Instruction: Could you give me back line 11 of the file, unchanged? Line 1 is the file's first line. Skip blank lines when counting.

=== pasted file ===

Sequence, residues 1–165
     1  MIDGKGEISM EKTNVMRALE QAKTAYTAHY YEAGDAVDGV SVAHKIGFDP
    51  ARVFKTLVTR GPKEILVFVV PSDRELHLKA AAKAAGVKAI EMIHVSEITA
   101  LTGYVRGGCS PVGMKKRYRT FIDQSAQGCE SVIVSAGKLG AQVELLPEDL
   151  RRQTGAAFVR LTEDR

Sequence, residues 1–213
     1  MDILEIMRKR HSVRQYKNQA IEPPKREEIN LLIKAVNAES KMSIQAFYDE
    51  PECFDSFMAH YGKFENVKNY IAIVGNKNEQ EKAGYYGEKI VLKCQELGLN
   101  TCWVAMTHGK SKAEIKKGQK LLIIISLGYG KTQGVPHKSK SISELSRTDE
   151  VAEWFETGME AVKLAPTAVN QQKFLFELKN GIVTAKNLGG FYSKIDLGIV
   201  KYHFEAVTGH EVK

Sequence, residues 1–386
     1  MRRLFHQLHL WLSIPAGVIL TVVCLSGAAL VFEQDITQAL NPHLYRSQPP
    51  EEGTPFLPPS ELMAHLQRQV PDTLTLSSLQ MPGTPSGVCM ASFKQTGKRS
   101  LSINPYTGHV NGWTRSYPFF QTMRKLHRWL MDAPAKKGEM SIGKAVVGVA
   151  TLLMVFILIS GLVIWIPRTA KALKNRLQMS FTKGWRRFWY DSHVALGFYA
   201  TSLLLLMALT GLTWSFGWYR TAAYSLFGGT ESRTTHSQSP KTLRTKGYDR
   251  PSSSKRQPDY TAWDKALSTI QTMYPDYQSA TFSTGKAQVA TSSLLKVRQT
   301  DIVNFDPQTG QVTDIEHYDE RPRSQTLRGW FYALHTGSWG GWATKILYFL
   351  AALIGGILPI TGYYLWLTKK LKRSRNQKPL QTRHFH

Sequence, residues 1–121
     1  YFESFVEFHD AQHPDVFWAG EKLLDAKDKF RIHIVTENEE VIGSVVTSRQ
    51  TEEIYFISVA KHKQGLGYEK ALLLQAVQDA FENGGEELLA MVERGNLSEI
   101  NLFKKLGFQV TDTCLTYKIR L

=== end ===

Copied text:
   201  KYHFEAVTGH EVK